Backup provides a golden opportunity

Veritas reported record worldwide revenues for the quarter ending September 30 2003, raking in a massive US$451m compared to $366m for the same period a year ago.

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By  Matthew Southwell Published  November 1, 2003

Veritas reported record worldwide revenues for the quarter ending September 30 2003, raking in a massive US$451m compared to $366m for the same period a year ago.

Even more impressive was the storage software company’s third quarter net income, which more than doubled to US$77.6m from US$36.2m for the same quarter last year.

Unsurprisingly, Gary Bloom, the vendor’s chairman, president & CEO, was elated and pointed to the growing recognition of Veritas’ offerings and wider acceptance of the benefits storage software offers as key factors in the company’s growth.

Furthermore, he went on to predict that Veritas would take home revenues of between US$480 and US$490 million in Q4.

The storage software provider has also been active in the local market.

Last month it announced that Dubai Internet City (DIC) is deploying its NetBackup solution to automate data management and centralise the storage of its most vital data.

When complete, the project will ensure that DIC’s financial, human resources and billing data from more than 18 remote servers is backed up as part of its overall storage area network (SAN) solution.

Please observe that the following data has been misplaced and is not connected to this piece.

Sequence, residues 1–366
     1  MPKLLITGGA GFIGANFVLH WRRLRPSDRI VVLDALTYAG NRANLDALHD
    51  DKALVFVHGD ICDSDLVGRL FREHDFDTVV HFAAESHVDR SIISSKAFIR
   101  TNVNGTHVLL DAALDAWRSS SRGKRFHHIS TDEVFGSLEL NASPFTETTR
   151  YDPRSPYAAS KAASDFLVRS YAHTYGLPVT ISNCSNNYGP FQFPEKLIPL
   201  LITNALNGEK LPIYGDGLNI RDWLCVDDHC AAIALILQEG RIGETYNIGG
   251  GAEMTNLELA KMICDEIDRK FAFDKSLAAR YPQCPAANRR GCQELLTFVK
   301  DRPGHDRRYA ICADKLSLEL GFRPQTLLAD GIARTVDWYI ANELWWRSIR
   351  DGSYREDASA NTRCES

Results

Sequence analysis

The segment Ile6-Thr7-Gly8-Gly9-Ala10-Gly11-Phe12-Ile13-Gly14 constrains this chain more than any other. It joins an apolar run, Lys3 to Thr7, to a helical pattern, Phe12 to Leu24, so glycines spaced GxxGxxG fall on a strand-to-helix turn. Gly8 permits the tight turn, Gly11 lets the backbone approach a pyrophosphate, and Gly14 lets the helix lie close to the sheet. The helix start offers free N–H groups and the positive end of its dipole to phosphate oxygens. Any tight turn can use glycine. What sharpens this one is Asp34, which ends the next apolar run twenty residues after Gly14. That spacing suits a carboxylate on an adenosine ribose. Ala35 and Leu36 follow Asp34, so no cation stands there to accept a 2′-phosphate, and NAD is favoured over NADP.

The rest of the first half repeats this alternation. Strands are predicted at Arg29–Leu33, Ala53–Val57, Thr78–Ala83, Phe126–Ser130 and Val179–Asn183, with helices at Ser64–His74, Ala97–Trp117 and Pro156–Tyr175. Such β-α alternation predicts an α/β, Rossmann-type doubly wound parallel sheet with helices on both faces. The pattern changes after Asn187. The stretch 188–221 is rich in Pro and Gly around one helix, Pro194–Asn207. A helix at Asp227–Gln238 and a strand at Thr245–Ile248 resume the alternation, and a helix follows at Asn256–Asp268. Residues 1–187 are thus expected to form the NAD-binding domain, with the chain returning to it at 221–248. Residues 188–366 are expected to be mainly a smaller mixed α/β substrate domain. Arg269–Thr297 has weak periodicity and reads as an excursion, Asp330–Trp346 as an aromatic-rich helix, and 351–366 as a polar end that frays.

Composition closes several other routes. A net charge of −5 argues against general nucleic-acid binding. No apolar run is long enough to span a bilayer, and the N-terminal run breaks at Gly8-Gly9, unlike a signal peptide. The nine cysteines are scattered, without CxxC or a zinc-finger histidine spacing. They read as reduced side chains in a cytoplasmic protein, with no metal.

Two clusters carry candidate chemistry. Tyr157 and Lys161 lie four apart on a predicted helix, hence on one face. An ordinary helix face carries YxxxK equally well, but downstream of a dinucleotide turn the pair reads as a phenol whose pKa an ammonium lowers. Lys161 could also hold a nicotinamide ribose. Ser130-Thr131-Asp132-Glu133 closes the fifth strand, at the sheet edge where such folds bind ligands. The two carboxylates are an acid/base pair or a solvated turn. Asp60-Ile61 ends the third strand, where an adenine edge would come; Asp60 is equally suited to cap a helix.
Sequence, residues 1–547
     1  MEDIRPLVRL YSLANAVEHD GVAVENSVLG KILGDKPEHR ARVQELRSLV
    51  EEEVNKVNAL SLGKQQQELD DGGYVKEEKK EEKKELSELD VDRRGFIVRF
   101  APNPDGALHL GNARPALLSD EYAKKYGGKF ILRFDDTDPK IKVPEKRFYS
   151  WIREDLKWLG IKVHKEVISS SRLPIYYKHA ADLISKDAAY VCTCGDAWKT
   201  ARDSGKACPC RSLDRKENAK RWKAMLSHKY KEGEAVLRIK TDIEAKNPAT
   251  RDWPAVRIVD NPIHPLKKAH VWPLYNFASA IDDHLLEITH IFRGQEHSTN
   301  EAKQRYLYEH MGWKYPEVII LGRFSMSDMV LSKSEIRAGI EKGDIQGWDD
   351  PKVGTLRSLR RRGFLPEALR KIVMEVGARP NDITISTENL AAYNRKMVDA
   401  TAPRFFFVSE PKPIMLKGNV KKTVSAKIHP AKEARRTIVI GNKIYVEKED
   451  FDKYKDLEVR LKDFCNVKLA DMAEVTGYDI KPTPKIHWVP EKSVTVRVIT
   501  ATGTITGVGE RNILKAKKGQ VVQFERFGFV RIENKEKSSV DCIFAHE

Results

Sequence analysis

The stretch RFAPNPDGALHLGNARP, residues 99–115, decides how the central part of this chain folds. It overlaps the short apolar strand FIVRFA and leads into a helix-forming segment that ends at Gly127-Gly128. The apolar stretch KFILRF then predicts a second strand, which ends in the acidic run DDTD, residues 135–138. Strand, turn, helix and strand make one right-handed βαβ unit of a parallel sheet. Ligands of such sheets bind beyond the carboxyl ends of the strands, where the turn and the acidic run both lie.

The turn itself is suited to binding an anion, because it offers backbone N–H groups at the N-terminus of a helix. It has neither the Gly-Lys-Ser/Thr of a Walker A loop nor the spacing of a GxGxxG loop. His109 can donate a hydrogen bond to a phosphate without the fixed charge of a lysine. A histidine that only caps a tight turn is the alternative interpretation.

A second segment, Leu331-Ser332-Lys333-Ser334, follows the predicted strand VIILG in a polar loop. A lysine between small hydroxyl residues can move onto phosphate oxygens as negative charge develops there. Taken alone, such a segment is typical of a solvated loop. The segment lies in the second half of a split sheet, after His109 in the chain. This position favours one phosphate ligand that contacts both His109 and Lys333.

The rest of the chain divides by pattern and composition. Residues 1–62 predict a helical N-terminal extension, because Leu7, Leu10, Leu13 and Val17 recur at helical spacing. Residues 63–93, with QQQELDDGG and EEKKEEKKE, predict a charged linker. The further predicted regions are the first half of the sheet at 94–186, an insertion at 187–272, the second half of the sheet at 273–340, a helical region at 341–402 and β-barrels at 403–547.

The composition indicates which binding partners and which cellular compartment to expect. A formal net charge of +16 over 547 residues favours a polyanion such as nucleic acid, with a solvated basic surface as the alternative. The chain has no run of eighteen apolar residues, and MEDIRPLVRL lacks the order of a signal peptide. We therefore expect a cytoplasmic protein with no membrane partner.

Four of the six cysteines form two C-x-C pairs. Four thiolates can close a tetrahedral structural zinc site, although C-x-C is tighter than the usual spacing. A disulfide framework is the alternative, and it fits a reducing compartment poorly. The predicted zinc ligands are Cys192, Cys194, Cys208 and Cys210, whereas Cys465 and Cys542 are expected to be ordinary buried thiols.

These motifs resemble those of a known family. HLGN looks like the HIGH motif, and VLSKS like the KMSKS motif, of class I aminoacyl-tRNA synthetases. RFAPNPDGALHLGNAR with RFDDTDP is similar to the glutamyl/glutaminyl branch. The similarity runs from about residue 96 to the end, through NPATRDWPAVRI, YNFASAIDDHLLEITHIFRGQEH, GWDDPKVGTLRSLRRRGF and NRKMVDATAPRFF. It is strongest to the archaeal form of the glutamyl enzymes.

While Veritas’ strong financial quarter and DIC’s decision to automate its back up are laudable, it is not just those involved with either entity that should be celebrating.

Today, the Middle East is not just talking a good storage game, it is acting on those words and building infrastructures that can hold the increasing amounts of data local companies are generating.

The DIC Veritas project, for example, is just a small part of a larger roadmap that will eventually see the free zone build an environment capable of clustering and replicating its data for greater accessibility and eliminating data loss.

Figures from a recent spot poll support this argument yet further as 36% of respondents said they were already using storage management solutions.

The vendors are also noticing an upturn, with HP noting that while in the past customers were requesting SANs with a storage capacity of between 200 and 300 G/bytes, today they are asking for a minimum of a Terabyte.

This growth in data and the solutions end user organisations need to manage it provides a huge opportunity for the channel.

Users that are actively seeking products are far easier to sell to than those who do not understand why they need certain solutions.

Furthermore, these same user are far more likely to buy into the accompanying services pitch and upgrade roadmaps that are essential to generating repeat business further down the line.

However, before resellers across the region break out the bubbly, they have to ensure that they can either deliver entire solutions or actively understand and integrate their party of the solution with the rest of a user’s planned or existing environment.

In short, the channel needs to tap into the region’s enthusiasm by delivering solutions, not just one off product.

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